The Ojibwe: Background information when reading The Round House

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The Round House

A Novel

by Louise Erdrich

The Round House by Louise Erdrich
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  • First Published:
    Oct 2012, 336 pages
    Paperback:
    Sep 2013, 336 pages

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Book Reviewed by:
Karen Rigby

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About this Book

Beyond the Book:
The Ojibwe

Print Review

Known as the Chippewa; Ojibway; Ojibwa; and in their own words, the Anishinabe, (meaning "original man" and alluding to a creation story); the Ojibwe are thought to have migrated from the northeast (perhaps from the mouth of the St. Lawrence River, according to late nineteenth-century history). They then settled in Southern Canada as well as the Great Lakes region of the United States. ClansThey organized by clans, often named after birds, animals, or fish, and maintained a woodlands lifestyle, including fishing, trapping, gathering wild rice, and maple sugaring. Excellent hunters, the Ojibwe prospered during the French fur trade, began acquiring weapons, and became one of the most powerful Native American groups. Ojibwe in the plains regions adapted to buffalo culture; in North Dakota, setting of The Round House, The Turtle Mountain Band of Chippewa Indians is the group with federal recognition.

Today, The Turtle Mountain Band boasts a tribal enrollment of over 30,000; the majority live off the reservation. The reservation in Belcourt, Rolette County is twelve by six miles, though The Turtle Mountain Band's land holdings include public domain allotments, some of which are located in Montana and South Dakota. Poverty rates exceed half the population and unemployment is nearly one third. Since 2002, a community renewal initiative has been working with the aid of the U.S. Department of Housing and Urban Development to improve opportunities and services. Noteworthy resources in the area include Turtle Mountain Community College, a founding member of the American Indian Higher Education Consortium. The current chairman of The Turtle Mountain Band is Merle St. Claire.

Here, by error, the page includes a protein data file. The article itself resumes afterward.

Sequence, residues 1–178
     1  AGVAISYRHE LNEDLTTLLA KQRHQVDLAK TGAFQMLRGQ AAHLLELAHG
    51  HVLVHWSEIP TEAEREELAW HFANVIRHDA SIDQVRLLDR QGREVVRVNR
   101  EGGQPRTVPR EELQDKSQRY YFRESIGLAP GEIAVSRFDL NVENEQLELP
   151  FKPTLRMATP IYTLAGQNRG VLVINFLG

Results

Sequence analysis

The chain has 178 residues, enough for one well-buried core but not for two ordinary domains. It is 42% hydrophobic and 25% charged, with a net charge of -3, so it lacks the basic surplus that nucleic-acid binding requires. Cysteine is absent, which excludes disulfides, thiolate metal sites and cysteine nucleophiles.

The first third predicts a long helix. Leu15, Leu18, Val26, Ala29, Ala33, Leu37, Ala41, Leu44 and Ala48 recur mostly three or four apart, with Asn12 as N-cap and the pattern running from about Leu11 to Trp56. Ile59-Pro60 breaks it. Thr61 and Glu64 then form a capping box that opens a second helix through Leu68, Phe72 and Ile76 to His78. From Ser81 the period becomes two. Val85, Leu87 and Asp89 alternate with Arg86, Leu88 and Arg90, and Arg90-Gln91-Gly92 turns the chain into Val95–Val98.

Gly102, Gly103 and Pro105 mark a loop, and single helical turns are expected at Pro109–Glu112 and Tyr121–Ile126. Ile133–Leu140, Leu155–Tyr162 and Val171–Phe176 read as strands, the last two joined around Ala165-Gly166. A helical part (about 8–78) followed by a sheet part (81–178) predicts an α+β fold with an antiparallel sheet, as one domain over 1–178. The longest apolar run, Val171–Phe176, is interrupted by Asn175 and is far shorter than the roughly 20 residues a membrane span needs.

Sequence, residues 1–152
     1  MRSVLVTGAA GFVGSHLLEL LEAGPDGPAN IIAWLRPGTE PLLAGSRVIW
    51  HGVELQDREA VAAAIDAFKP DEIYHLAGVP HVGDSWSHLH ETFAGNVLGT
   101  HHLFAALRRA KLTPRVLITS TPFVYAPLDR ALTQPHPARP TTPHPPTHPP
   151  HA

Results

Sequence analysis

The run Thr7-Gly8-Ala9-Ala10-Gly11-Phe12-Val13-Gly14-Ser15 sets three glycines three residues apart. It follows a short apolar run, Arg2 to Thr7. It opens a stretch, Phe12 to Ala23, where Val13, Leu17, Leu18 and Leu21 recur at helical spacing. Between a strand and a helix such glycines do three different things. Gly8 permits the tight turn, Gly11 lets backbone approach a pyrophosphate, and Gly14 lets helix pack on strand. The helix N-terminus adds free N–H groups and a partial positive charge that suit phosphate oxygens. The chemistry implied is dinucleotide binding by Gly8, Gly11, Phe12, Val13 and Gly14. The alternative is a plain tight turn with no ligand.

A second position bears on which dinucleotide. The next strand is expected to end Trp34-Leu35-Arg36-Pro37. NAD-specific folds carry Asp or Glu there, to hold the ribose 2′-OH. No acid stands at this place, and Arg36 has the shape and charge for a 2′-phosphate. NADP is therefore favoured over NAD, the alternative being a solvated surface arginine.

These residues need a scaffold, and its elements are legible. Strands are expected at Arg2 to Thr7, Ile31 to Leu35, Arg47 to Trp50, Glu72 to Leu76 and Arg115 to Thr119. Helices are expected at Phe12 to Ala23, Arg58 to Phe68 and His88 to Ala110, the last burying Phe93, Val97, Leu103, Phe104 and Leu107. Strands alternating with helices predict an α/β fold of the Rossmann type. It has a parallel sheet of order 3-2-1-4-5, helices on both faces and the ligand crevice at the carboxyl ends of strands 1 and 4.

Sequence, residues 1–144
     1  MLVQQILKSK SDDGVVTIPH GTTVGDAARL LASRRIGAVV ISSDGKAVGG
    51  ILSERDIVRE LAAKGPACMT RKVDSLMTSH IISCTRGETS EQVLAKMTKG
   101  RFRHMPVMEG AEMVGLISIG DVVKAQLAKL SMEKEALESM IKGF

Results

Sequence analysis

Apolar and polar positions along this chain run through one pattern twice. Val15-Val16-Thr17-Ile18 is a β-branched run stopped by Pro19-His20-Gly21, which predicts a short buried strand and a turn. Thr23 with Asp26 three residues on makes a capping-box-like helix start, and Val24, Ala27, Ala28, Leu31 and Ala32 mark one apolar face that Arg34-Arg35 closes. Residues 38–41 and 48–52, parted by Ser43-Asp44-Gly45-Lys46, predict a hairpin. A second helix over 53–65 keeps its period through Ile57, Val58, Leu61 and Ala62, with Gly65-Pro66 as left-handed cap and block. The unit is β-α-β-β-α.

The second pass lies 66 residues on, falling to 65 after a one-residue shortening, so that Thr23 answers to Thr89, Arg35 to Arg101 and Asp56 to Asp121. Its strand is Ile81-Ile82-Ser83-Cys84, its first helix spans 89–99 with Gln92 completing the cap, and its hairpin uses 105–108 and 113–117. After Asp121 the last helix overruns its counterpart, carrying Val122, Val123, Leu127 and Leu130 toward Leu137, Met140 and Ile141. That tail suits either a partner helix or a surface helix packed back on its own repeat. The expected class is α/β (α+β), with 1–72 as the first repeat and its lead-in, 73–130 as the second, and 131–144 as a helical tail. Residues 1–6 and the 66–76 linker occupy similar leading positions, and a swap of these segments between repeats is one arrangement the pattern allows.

Did you know:

  • Ojibwe ("to pucker") refers to the unique seam in Ojibwe moccasins.
  • The Ojibwe are known for their use of birchbark in everyday items and lightweight canoes. Also for their floral beadwork designs, and a storytelling tradition.
  • Mary Bigwind and Maggie Skinaway Making Birch Bark Containers
  • The Ojibwe lived in wigwams, which were covered in birch bark or woven mats. They often gathered in groups of several wigwams in the summers, and spread out in the winters.
  • Ojibwe and Chippewa are the same word, but pronounced with different accents. The similarity between the two becomes apparent if an "O" is placed in front of Chippewa (O'chippewa).

To learn some Ojibwe words, go to The Ojibwe People's Dictionary.



Photo credit: Minnesota Historical Society Collections

Article by Karen Rigby

This article was originally published in October 2012, and has been updated for the September 2013 paperback release. Click here to go to this issue.

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